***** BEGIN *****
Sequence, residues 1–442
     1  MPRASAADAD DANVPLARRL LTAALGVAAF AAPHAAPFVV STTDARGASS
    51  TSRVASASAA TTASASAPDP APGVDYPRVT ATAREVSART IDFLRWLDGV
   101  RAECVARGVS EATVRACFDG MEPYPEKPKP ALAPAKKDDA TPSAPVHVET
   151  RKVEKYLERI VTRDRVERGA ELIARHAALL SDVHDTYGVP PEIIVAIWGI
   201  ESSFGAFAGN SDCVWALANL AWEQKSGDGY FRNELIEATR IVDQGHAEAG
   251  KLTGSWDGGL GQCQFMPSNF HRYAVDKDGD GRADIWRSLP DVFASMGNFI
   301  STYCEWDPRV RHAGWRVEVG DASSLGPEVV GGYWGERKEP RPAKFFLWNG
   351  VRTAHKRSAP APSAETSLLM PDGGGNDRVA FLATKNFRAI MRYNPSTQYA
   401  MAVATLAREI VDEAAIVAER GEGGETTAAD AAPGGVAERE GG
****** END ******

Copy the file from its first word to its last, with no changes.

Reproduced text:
Sequence, residues 1–442
     1  MPRASAADAD DANVPLARRL LTAALGVAAF AAPHAAPFVV STTDARGASS
    51  TSRVASASAA TTASASAPDP APGVDYPRVT ATAREVSART IDFLRWLDGV
   101  RAECVARGVS EATVRACFDG MEPYPEKPKP ALAPAKKDDA TPSAPVHVET
   151  RKVEKYLERI VTRDRVERGA ELIARHAALL SDVHDTYGVP PEIIVAIWGI
   201  ESSFGAFAGN SDCVWALANL AWEQKSGDGY FRNELIEATR IVDQGHAEAG
   251  KLTGSWDGGL GQCQFMPSNF HRYAVDKDGD GRADIWRSLP DVFASMGNFI
   301  STYCEWDPRV RHAGWRVEVG DASSLGPEVV GGYWGERKEP RPAKFFLWNG
   351  VRTAHKRSAP APSAETSLLM PDGGGNDRVA FLATKNFRAI MRYNPSTQYA
   401  MAVATLAREI VDEAAIVAER GEGGETTAAD AAPGGVAERE GG